Sustainability Talk: NEMO Shows Sustainability is for Small Brands Too
Marca Hagenstad January, 2020
NEMO’s fundamental belief is that adventure makes us better human beings, giving us purpose and perspective. Their goal is to design the most creative gear to improve the experience of adventure. The name “NEMO” started out as an acronym for “New England MOuntain Equipment” and was a nod to Jules Verne’s Captain Nemo, a 19th century adventurer, moral crusader, and engineer.
NEMO not only makes high quality outdoor gear, but prioritizes protection of places we adventure. I met Theresa Conn, NEMO’s Sustainability Manager, at the Outdoor Industry Association (OIA) Sustainability Working Group at Outdoor Retailer and was immediately impressed by a small company doing so much. They minimize their own impacts and join industry forces to collectively make their voices heard in the political arena.
At NEMO, every staff member contributes to minimizing impacts and maximizing actions. The result is a team motivated to tackle challenges ranging from minimizing waste to finding lower impact materials, such as shifting from long to short-chain water repellents. NEMO was one of the first small brands to complete the Higg Index, developed out of an original concept by OIA to evaluate environmental impacts throughout the supply chain and pinpoints areas for improvement. NEMO aims for continuous improvement. They have shown that sustainability is not just for large brands, but for all brands.
Theresa also shared that they value transparency and are gearing up to prepare annual sustainability reports. However, they are still at an early stage and are focused on getting a foundation of their baseline before publishing reports. This is a good reminder that sustainability is a journey, not a box to check. Their focus is implementing the Higg Index suite of tools throughout their internal team and broader supply chain. The Higg Index promotes transparency, and helps brands and vendors collaborate on sustainability projects.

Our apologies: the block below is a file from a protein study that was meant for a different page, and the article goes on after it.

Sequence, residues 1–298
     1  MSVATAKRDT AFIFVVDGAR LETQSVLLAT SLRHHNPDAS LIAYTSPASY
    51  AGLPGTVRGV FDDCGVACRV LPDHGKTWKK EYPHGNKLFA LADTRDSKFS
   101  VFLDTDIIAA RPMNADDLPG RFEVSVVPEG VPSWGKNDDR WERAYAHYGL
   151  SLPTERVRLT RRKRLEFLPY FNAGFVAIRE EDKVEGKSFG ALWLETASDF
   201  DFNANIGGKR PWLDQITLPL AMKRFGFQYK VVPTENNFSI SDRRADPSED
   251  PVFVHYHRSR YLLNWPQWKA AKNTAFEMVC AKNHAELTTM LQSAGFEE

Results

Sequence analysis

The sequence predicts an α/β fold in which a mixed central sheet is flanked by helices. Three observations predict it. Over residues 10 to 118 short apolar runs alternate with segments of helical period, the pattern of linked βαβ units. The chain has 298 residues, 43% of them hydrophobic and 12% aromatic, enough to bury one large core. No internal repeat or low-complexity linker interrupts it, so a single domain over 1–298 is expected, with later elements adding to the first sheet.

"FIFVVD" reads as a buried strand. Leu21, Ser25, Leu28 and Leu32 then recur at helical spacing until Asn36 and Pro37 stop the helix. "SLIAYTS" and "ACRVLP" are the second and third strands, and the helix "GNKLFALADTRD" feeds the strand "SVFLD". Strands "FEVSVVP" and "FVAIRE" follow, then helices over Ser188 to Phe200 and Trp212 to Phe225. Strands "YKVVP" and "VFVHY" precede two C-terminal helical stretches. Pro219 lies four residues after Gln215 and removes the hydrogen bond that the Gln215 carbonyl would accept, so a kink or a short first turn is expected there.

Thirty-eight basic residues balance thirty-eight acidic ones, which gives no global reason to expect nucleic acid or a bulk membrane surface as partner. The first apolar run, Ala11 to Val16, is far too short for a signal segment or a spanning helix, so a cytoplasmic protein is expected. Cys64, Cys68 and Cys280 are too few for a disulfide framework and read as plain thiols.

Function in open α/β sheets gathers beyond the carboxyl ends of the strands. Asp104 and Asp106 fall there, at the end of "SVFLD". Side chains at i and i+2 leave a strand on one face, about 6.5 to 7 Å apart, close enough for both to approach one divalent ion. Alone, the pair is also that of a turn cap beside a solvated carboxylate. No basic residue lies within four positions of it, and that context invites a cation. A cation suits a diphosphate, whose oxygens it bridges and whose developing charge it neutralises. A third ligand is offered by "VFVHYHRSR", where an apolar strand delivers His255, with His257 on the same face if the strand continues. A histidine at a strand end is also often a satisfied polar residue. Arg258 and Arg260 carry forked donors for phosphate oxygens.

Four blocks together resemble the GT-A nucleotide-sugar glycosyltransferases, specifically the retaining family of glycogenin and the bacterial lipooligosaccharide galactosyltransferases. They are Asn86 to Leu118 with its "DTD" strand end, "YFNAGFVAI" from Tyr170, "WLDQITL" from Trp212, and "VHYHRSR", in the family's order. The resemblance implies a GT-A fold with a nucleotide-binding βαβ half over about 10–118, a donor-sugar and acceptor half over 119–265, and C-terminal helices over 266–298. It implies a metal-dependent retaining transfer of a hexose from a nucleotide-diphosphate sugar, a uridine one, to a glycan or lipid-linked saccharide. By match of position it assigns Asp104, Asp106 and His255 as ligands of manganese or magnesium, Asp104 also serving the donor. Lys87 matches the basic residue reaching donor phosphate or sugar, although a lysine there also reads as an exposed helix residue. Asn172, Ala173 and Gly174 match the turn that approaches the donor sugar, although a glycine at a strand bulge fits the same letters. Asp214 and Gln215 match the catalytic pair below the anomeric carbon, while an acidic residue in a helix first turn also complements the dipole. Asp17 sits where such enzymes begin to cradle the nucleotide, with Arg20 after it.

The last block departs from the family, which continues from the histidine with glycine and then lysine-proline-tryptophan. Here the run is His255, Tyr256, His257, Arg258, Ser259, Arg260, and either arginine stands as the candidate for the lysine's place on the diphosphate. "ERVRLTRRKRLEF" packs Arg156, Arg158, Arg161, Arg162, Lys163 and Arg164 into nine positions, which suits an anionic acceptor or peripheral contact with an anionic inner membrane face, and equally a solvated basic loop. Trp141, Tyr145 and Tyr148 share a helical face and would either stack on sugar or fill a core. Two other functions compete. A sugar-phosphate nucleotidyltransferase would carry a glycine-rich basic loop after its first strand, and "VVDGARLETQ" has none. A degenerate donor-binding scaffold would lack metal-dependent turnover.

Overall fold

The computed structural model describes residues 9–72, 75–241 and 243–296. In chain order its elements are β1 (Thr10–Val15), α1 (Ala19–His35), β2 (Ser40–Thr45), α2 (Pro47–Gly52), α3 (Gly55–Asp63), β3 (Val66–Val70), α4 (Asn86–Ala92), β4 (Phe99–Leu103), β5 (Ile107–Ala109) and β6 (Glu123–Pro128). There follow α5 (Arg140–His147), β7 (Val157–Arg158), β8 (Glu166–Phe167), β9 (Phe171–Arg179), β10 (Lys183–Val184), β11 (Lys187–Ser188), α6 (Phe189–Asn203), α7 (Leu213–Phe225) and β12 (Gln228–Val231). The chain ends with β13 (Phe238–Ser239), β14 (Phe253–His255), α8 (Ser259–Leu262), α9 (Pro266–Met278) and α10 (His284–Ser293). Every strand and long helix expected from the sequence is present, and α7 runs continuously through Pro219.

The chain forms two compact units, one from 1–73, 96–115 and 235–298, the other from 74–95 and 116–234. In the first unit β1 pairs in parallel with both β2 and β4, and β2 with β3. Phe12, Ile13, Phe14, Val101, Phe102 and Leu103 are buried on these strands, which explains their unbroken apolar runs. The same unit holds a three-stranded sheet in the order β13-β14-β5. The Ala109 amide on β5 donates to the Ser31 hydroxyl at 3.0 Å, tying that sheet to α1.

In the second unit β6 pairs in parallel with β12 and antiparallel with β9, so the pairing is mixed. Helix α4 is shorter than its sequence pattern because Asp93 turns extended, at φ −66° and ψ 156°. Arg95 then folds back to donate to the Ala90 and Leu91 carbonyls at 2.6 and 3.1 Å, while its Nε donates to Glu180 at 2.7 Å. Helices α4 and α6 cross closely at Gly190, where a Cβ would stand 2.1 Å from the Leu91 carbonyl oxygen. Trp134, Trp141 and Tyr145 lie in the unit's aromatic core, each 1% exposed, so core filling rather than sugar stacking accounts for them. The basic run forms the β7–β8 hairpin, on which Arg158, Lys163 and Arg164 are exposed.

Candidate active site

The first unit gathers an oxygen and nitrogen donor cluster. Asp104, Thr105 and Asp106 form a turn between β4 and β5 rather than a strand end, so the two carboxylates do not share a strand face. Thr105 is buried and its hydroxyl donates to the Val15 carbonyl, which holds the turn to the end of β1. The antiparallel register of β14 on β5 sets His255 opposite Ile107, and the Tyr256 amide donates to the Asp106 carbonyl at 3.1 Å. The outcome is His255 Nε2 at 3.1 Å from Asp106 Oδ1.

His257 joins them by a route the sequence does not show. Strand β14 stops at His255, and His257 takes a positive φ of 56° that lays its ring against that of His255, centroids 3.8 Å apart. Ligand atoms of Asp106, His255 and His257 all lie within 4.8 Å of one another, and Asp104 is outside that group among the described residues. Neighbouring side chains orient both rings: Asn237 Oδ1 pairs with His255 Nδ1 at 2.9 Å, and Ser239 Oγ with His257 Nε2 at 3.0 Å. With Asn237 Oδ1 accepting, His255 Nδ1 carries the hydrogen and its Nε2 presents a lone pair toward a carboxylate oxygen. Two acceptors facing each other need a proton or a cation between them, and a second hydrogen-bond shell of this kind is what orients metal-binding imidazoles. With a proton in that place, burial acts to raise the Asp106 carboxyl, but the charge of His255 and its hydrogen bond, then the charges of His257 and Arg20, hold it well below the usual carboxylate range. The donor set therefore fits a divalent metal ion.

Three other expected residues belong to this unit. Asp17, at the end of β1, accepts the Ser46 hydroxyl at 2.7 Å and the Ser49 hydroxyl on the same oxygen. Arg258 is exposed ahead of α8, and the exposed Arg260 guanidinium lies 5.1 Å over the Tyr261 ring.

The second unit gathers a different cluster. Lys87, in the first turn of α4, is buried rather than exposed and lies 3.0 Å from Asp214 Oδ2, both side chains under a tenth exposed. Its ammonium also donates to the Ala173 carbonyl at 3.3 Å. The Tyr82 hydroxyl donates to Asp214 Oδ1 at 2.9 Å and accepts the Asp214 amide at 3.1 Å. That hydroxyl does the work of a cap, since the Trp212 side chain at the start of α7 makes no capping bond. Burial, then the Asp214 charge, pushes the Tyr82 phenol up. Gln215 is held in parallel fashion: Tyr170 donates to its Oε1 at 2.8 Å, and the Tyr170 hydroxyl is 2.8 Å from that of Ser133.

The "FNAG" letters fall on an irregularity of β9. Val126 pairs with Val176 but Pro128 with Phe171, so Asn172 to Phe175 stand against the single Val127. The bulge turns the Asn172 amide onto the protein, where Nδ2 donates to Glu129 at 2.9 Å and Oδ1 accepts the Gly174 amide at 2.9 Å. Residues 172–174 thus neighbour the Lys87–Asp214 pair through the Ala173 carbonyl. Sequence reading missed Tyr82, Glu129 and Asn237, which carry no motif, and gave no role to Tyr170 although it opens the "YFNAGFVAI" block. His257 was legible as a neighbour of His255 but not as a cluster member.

In 2019, NEMO participated in the inaugural year of OIA’s Sustainability Boot Camps. These boot camps are designed to help small to mid-sized brands accelerate sustainability improvements. In the bootcamp they learned how to design and implement a vendor onboarding program to train new vendors on sustainability. Since suppliers typically account for 78% of a company’s environmental impact, it is important to engage them. NEMO created a questionnaire to ask their vendors about their previous work in sustainability and were pleasantly surprised to learn that a lot of their vendors had already been taking action and want to get appropriate certifications, take care of their employees and “do the right thing.”
Following the boot camp, NEMO conducted a sustainability-focused vendor trip. Theresa and a teammate visited suppliers in China and made great progress talking in person about sustainability: exploring how to implement tools such as the Higg Index and what opportunities exist in energy and water efficiencies. They also visited NEMO’s main warehouse in California and examined how goods were packaged by vendors. They found wide variations in packaging: carton thickness, use of polybags, unnecessary packaging, and unnecessary yellow banding. So they created a standard for packaging which was shared with all vendors. In developing the standard, they asked all vendors for performance specifications on products and for certifications for compliance with various standards. They incorporated those needs into the standard and distributed a one-page document stating packaging expectations, including specifications for box sizes, preferred materials, and use of recyclable emblems. Elimination was preferred where possible: i.e., no packaging. They removed use of polybags from many products. Where packaging was needed, they recommend “low packaging,” use of recycled and recyclable materials, and use of reusable stuff sacks. Creation of a packaging standard will result in significant waste reduction for years to come and will increase use of recycled and recyclable materials.